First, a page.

President Obama likes his Clinton nostalgia — he has told the American people his tax increases are a return to the policies of the booming Nineties. It is ironic, therefore, that Obama insists on actually reversing one of the most critical economic successes from the Clinton years: the capital-gains tax cut. Before Clinton signed the 1997 budget deal, the capital-gains rate was 28 percent, and with Clinton’s approval of the cut it fell to 20 percent; Obama now insists on raising it to 23.8 percent, undoing not just Bush’s capital-gains-tax cut but almost half of Clinton’s, too. Such a move would undermine the fragile economic recovery while being unlikely to raise any federal revenue.
Investment taxes amount to double taxation — taxation on income that has already been taxed. When you earn income, it is taxed; if you then spend it on consumption, there is no additional layer of federal tax. If you instead choose to save and invest, the federal government layers on several more taxes: a corporate tax, capital gains and dividend taxes, and — if you still have something left — the death tax.
There are major economic consequences to improving or worsening the tax treatment of investment. Consider what happened when Clinton signed the capital-gains tax cut in 1997. Revenues from this tax climbed from $62 billion in 1996 to $110 billion in 1999, while the federal budget moved from deficit to surplus. The Dow Jones rose from 7,000 to 10,000 points in the three years following the rate cut, while the stock of venture capital — the seed corn of technological innovation — soared from $10 billion in 1996 to $53 billion in 1999. The number of firms receiving venture-capital funding climbed from 2,004 to 5,450 over this period. Overall GDP growth was over 4 percent year-on-year.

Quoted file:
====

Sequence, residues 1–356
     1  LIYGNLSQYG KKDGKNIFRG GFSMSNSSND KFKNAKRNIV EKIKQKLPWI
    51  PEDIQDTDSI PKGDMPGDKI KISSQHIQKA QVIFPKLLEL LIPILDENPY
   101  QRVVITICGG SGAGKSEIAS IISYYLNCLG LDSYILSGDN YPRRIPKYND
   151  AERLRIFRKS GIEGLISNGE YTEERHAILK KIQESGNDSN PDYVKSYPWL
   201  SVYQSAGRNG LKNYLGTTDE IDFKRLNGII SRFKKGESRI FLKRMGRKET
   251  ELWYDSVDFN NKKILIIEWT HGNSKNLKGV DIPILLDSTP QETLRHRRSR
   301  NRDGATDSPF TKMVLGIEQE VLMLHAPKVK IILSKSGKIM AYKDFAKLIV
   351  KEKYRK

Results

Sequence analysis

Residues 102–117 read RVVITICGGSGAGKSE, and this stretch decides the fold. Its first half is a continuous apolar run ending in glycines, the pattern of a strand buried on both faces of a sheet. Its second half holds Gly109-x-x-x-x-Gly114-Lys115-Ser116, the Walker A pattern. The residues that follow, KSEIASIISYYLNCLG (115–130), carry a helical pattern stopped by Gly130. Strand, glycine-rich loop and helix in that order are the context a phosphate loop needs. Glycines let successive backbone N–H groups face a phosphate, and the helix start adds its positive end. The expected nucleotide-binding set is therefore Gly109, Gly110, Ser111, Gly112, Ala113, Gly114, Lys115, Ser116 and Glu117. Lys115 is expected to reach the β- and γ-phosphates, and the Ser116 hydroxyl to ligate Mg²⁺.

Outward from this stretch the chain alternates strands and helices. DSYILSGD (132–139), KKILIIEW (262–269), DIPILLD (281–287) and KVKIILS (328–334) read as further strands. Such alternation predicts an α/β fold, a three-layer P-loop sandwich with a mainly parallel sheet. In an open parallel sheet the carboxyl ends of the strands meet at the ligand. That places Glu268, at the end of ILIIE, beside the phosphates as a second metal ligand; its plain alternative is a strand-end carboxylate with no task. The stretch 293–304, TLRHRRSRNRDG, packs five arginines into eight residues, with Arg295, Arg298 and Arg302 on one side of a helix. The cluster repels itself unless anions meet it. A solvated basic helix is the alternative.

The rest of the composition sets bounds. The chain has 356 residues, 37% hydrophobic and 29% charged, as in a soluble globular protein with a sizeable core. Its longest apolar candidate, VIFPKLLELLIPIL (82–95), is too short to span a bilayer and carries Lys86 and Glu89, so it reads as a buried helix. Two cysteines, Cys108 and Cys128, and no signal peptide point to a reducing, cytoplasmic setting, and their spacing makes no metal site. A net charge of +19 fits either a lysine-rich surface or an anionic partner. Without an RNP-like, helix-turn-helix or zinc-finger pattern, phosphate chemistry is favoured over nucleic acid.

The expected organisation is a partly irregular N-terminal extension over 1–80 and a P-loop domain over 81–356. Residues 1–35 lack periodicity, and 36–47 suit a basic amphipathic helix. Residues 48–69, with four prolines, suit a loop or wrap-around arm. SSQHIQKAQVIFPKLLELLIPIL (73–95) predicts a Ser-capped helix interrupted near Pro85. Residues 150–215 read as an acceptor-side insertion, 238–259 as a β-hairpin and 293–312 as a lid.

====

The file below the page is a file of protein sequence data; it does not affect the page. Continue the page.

And these economic successes did not merely follow, but were in part the result of, Clinton’s capital-gains cuts. That’s because capital formation is critical to improved productivity and, therefore, to GDP and real-wage growth. And just as cuts to capital-gains taxes are a critical supply-side economic booster, investment tax hikes have a profoundly negative economic impact. If Obama achieves his goal of allowing the capital-gains rate to rise to 23.8 percent (a 20 percent statutory rate plus the 3.8 percent Obamacare surtax slated to take effective January 1) and the dividend tax to rise as well, the economic consequences would be more severe than if the top marginal income-tax rates were raised.
Former Reagan-administration economist Steve Entin simulated several tax scenarios that he presented in testimony to Congress earlier this year. Entin found that keeping capital-gains and dividend taxes at 15 percent while raising income-tax rates for the top two brackets to 36 percent and 39.6 percent would reduce GDP by 0.47 percent, reducing projected federal revenue from the tax hike by about 40 percent. On the other hand, he found that keeping the top income-tax rates at 33 percent and 35 percent — as Speaker Boehner is fighting hard to do — but allowing the tax rate on capital gains and dividends to rise to 23.8 percent would reduce GDP by 2.1 percent, reducing projected revenue by more than 100 percent. In other words, the economic damage would be more than four times greater than the damage that the income-tax hikes would create. The government would get less revenue, not more.
The most important element in any tax policy is to move toward the proper economically neutral base, which means minimizing the punitive double or triple taxation of savings and investment. Yet even with the Obamacare surtax on investment income already impending, Obama is insisting on additional investment-tax hikes in the fiscal-cliff negotiations.
To protect the U.S. economy, Republicans must hold the line on investment taxes and insist on holding Obama at least to his promise of Clinton-era rates — which for capital gains is a maximum of 20 percent, not 23.8.